WIPO Arbitration and Mediation Center
ADMINISTRATIVE PANEL DECISION
The Ritz-Carlton Hotel Company, L.L.C v. Taro Kokatsu
Case No. D2018-2049
1. The Parties
The Complainant is The Ritz-Carlton Hotel Company, L.L.C of Bethesda, Maryland, United States of America (“United States”), represented by Steven M. Levy, United States.
The Respondent is Taro Kokatsu of Tokyo, Japan.
2. The Domain Name and Registrar
The disputed domain name <ritzcarlton.tokyo> is registered with GMO Internet, Inc. d/b/a Discount-Domain.com and Onamae.com (the “Registrar”).
3. Procedural History
The Complaint was filed in English with the WIPO Arbitration and Mediation Center (the “Center”) on September 7, 2018. On September 7, 2018, the Center transmitted by email to the Registrar a request for registrar verification in connection with the disputed domain name. On September 13, 2018, the Registrar transmitted by email to the Center its verification response disclosing registrant and contact information for the disputed domain name which differed from the named Respondent and contact information in the Complaint. The Center sent an email communication to the Complainant on September 13, 2018, providing the registrant and contact information disclosed by the Registrar, and inviting the Complainant to submit an amendment to the Complaint. The Complainant filed an amended Complaint on September 14, 2018.
On September 13, 2018, the Center sent an email in English and Japanese to the Parties regarding the language of the proceeding. On September 14, 2018, the Complainant requested that English be the language of the proceeding. The Respondent did not comment on the language of the proceeding by the specified due date.
The Center verified that the Complaint together with the amended Complaint satisfied the formal requirements of the Uniform Domain Name Dispute Resolution Policy (the “Policy” or “UDRP”), the Rules for Uniform Domain Name Dispute Resolution Policy (the “Rules”), and the WIPO Supplemental Rules for Uniform Domain Name Dispute Resolution Policy (the “Supplemental Rules”).
In accordance with the Rules, paragraphs 2 and 4, the Center formally notified the Respondent in English and Japanese of the Complaint, and the proceedings commenced on September 19, 2018. In accordance with the Rules, paragraph 5, the due date for Response was October 9, 2018. The Respondent did not submit any response. Accordingly, the Center notified the Respondent’s default on October 10, 2018.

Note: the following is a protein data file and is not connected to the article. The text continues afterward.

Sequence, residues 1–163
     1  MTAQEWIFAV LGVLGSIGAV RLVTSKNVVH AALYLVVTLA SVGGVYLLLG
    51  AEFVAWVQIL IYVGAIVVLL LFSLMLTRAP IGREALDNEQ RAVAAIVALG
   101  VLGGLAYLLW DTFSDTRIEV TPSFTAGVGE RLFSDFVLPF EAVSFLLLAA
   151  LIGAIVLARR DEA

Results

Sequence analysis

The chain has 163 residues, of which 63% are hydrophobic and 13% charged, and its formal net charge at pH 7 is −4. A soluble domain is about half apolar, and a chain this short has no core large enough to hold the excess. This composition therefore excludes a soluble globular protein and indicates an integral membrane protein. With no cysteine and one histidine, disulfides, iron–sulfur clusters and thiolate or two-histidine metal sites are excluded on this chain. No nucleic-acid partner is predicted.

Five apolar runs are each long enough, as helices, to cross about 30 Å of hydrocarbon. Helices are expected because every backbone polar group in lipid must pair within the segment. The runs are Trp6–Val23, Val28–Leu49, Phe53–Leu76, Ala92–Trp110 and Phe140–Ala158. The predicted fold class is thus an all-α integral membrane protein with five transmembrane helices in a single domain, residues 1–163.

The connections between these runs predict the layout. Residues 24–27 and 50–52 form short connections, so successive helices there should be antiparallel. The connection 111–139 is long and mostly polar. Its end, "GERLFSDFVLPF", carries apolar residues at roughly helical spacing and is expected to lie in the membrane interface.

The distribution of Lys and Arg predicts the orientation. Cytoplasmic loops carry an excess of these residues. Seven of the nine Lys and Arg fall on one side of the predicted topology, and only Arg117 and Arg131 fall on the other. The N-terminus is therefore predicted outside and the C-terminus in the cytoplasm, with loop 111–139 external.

The Center appointed Douglas Clark as the sole panelist in this matter on October 17, 2018. The Panel finds that it was properly constituted. The Panel has submitted the Statement of Acceptance and Declaration of Impartiality and Independence, as required by the Center to ensure compliance with the Rules, paragraph 7.
4. Factual Background
Founded in 1927, the Complainant, Ritz-Carlton Hotel Company, LLC, is an international luxury hotel chain which has 148 properties in 30 countries. In particular, in Japan the Complainant has four properties in Tokyo, Kyoto, Okinawa and Osaka.
The Complainant is the owner of trademarks in the name “Ritz-Carlton”, which was first registered in the United States on June 27, 1978 (registration no. 1094823) and in Japan on January 17, 2003 (registration no. 3371449).
Since 1997, the Complainant has also been the owner of the domain name <ritzcarlton.com> and it also owns and operates the website “www.ritzcarton.com” through which it promotes and takes bookings for its properties worldwide.
The Respondent appears to be an individual of Tokyo, Japan.
The disputed domain name <ritzcarlton.tokyo> was registered on August 4, 2014. The disputed domain name resolves to a pay-per-click website which redirects users to hotel properties, including those of the Complainant and its competitors.
5. Parties’ Contentions
Identical or confusingly similar